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Top 10 Tips for Designing a Mobile-Friendly Questionnaire
Knowledge

  1. Remember the reality of the real estate. The mobile phone screen offers just 5% of the PC’s available real estate. 
  2. Design for both portrait (vertical) and landscape (horizontal) view. Your respondents will choose their preferred view so the questionnaire must work in both orientations:
    1. Item lists should be short enough for the full list to be visible in landscape view 
    2. Scales should be narrow enough to be fully visible in portrait view
  3. Reduce the number of words in the questions. People communicate with fewer words on mobile. We may need to replace longer questions with shorter ones that retain the same meaning and remain well defined. This could be a real challenge!
  4. Redesign Flash elements. Flash is no longer supported on mobile devices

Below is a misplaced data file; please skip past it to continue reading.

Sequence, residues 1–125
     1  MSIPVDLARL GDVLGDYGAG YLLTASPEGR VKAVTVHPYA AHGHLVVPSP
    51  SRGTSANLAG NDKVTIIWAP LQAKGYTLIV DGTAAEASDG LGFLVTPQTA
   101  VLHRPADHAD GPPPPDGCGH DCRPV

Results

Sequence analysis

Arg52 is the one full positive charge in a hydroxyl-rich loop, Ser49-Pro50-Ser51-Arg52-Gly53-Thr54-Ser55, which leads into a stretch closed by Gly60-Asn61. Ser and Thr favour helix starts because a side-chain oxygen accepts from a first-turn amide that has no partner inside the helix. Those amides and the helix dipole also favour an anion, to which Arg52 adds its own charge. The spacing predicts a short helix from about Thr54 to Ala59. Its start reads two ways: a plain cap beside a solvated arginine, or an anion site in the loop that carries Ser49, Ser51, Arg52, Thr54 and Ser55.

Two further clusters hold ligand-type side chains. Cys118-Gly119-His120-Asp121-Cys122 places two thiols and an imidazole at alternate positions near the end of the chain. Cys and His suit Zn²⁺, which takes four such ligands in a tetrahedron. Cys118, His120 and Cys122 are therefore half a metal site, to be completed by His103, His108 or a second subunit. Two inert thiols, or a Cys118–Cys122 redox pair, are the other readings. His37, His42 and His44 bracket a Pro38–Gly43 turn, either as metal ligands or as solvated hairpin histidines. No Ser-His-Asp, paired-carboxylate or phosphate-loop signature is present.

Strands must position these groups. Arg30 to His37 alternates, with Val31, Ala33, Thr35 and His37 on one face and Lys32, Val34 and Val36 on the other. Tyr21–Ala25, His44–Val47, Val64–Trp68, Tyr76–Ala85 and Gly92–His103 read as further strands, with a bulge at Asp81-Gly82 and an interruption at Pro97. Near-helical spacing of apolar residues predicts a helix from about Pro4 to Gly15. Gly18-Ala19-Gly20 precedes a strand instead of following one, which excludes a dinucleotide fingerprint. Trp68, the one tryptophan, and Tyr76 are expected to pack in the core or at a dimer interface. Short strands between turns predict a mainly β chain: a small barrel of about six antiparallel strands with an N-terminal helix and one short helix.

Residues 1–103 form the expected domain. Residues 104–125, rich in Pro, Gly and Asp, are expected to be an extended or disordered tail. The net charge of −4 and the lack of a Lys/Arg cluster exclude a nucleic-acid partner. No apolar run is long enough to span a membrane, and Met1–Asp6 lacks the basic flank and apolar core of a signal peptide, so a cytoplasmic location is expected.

5. Start with the mobile design and size up. A design that works well for a mobile will work well on a PC. So size up instead of starting with a PC-design and trying to scale down. 
  6. Design the functional elements first. Anything that people have to touch, like “next” buttons, radio buttons or check boxes, should be as large as possible and have as much space around them as possible. Traditionally, questionnaire designers focused on the text then fitted the functional elements around it. In a mobile world, we need to reverse the process.
  7. Test on multiple devices. Also test thoroughly in both portrait and landscape view. 
  8. Avoid scrolling designs. Instead of asking people to scroll or pinch to expand, reduce the number of items in a list or grid. Scrolling is much faster on the mobile phone (so users may see just the beginning and end of the list and miss the items in the middle.) The transition to mobile can be an ideal time to rethink the design of grid questions.
  9. Make text boxes as large as you can. Research shows that the larger the box, the more words are typed in open-end responses.
  10. Resist the temptation to use the full functionality of the phone. Features like the spinning “wheels” seen in mobile calendars are attractive from the design point of view, but could be awkward for users and cause incompatible or unexpected results.